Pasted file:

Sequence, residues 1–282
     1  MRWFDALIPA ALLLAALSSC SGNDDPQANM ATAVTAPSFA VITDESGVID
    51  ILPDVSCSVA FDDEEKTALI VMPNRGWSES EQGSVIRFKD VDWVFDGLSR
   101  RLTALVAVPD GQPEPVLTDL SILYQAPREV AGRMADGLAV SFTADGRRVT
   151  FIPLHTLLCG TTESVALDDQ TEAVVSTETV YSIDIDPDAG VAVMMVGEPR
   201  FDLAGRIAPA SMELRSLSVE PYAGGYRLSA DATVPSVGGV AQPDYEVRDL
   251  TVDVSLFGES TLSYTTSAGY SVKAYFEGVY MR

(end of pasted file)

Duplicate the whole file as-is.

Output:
Sequence, residues 1–282
     1  MRWFDALIPA ALLLAALSSC SGNDDPQANM ATAVTAPSFA VITDESGVID
    51  ILPDVSCSVA FDDEEKTALI VMPNRGWSES EQGSVIRFKD VDWVFDGLSR
   101  RLTALVAVPD GQPEPVLTDL SILYQAPREV AGRMADGLAV SFTADGRRVT
   151  FIPLHTLLCG TTESVALDDQ TEAVVSTETV YSIDIDPDAG VAVMMVGEPR
   201  FDLAGRIAPA SMELRSLSVE PYAGGYRLSA DATVPSVGGV AQPDYEVRDL
   251  TVDVSLFGES TLSYTTSAGY SVKAYFEGVY MR